Romantic. There will be lots of dynamics, and not only involving my character, a bit more directed towards the quest for love, I think.
What’s the next character you would like to play, or the one you’re already playing, maybe (and in that case, I guess you can’t tell me about it)?
I can’t tell you about my next projects because they’re in a very embryonic stage, so, for the moment, I can’t unveil much. Generally speaking, a character that I would really like to play, speaking of fragility, in fact, would be someone like those from “Split,” so a bit horror, with many personalities, it would be super cool to play that kind of character.
I can picture you.
What does it mean, to you, to feel comfortable in your skin?
It means to accept myself, with all my flaws. This is something I’ve learned while living here, in Rome. I come from a small town, and maybe I used to see people on social media, also American celebrities, and I tried to compare myself to those standards, and I’m completely different. I’m so different than I used not to like myself because maybe I saw a nose on my face that wasn’t perfect, or because I’m not 1,80 meters tall. Later, instead, I moved to Rome and I saw so many different kinds of people, each beautiful in their own way and each perfect in the same way because you’re beautiful no matter what your shape is, and not because you belong to a canon or standard of beauty, that’s how you see pure beauty. So, when I looked at myself in the mirror again, I saw a different me, a more beautiful me. This helped me with Marta, as well, because they used to paint dark circles under my eyes, or they used to make me look sickly, so the morning after finishing filming at 5 a.m., I used to wake up with my own dark circles, look at myself in the mirror and say, “Wow, I look stunning today!” [laughs].
“…when I looked at myself in the mirror again, I saw a different me, a more beautiful me.”
What you’re saying is very important also because, as you said, it’s difficult for everyone and for all those who dream to become part of that world, to constantly compare themselves with each other because it’s something you can’t help but do, you compare yourself with the others. In the world in which we’re living right now, too, and we hear this a lot, social media, in general, make us compare ourselves with some ideals that don’t even exist, they’re almost impossible. What’s beautiful, instead, is to see diversity, that can be of all kinds, also to spread the message that, like you said yourself, a non-standard nose or a height that is not 1,80 meters, are beautiful anyway because they’re unique; because they’re different from everything else. But it’s not easy.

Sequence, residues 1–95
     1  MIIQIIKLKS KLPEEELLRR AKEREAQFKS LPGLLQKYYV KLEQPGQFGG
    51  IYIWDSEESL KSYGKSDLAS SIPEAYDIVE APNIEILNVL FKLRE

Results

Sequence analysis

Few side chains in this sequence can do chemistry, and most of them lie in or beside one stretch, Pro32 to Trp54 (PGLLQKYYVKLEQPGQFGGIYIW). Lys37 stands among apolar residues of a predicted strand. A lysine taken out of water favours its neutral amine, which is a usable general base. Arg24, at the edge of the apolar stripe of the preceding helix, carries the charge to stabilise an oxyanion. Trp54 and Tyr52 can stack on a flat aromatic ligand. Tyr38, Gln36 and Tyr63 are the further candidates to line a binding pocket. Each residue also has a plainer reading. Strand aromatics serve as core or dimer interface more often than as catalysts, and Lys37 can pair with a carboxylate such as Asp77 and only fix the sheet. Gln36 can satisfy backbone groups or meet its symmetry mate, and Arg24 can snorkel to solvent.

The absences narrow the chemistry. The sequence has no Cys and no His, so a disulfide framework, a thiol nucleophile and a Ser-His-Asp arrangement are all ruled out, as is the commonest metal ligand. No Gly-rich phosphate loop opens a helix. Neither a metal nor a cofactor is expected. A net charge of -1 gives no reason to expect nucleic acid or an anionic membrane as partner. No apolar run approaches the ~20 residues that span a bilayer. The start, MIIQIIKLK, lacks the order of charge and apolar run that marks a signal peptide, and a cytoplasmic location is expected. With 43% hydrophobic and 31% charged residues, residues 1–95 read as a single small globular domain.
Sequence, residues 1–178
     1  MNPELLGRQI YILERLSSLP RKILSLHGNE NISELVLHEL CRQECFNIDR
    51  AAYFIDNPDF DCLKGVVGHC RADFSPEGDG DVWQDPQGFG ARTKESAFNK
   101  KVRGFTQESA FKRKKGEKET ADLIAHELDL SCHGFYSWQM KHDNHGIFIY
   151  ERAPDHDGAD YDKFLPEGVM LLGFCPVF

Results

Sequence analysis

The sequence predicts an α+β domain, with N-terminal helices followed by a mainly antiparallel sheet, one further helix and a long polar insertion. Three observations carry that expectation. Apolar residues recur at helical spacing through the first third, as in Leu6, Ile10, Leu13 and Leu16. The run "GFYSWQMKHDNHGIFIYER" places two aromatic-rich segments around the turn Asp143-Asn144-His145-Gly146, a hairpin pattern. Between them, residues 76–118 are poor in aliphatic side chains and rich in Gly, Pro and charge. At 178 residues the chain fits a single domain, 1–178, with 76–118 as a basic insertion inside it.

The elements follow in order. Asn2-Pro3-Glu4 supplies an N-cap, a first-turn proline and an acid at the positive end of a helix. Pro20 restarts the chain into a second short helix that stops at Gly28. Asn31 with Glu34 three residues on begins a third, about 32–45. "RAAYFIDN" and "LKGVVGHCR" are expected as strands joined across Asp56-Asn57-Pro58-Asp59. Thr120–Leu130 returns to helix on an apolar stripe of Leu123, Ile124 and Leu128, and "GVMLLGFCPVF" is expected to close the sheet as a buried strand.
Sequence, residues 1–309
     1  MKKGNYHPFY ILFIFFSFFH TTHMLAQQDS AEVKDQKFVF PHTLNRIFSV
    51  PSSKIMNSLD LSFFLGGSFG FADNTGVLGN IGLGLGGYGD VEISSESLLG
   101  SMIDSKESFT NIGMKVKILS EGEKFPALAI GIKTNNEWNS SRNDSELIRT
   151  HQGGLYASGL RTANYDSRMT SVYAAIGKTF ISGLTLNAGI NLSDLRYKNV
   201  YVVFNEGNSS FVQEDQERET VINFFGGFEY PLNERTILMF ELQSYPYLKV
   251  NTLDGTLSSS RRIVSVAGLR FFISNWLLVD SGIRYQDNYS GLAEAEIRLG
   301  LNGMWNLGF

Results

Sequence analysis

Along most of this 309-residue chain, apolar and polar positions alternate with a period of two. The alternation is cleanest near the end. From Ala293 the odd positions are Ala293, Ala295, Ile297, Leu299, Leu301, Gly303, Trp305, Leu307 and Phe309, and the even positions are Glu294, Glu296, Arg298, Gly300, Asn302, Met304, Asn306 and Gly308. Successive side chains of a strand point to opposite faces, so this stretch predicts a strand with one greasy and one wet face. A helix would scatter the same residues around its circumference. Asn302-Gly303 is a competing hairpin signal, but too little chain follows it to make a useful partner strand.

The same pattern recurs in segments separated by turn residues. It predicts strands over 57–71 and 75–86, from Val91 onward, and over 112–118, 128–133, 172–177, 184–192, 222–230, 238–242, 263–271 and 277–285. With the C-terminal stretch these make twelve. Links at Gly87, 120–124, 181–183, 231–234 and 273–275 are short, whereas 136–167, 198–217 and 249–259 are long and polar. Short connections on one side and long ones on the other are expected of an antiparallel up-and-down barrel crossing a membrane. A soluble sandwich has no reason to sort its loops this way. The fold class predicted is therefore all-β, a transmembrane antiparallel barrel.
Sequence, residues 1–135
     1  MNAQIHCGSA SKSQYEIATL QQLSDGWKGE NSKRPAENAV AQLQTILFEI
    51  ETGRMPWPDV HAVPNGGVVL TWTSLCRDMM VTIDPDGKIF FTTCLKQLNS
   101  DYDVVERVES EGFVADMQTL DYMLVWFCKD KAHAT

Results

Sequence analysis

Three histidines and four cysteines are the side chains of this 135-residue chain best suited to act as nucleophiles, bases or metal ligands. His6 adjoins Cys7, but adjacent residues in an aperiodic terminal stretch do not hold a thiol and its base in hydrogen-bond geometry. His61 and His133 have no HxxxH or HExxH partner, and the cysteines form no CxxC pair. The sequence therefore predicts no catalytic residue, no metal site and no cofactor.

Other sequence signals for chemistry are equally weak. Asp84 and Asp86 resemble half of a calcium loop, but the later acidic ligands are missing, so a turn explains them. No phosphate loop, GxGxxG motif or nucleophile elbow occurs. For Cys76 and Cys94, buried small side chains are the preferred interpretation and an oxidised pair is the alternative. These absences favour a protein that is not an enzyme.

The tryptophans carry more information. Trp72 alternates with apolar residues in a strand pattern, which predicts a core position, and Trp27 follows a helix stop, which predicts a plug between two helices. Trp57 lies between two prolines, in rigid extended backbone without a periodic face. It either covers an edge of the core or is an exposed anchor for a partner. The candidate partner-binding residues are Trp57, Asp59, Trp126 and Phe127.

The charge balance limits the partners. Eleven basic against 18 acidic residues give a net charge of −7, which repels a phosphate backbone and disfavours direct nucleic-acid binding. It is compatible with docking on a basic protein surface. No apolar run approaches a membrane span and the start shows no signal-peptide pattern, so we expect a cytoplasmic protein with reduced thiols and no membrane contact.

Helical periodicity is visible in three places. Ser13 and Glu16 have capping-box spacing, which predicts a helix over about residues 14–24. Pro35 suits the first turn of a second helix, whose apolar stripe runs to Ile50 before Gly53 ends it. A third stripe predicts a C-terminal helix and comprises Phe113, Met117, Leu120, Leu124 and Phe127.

It’s not easy, I had a mental block at some point, which ended with these movies that, among other things, also talk about this, so I’ve had the first-hand experience with what we intended to tell.
I had a very difficult time when the first teaser trailer with the scene at the park came out, even before the trailer of “Sul più bello” because we had a flood of negative comments, some were also very mean, actually, and I wonder, “How can you possibly write something like that? I wouldn’t have the courage to.” [laughs] At that moment, I felt judged, the movie wasn’t even done and I felt deeply insecure reading those comments because I thought they were judging me. Later, I realized that those people actually just needed to comment, sometimes even just to be answered back, so I’ve learned to ignore such things. On one side, I’ve realized how lucky I am to be an actress, in the sense that, when they write comments, they’re never talking about me, Ludovica, directly, but they’re commenting on my character; so, somehow, if I get a negative comment, it’s never really about me. This saves me, somehow, it also helps me process some things that sometimes feel very heavy. I’ve learned to live with that, to ignore them because they’re unhealthy.
“I’ve learned to live with that, to ignore them because they’re unhealthy.”
Well done. What’s the latest thing you’ve discovered about yourself, instead?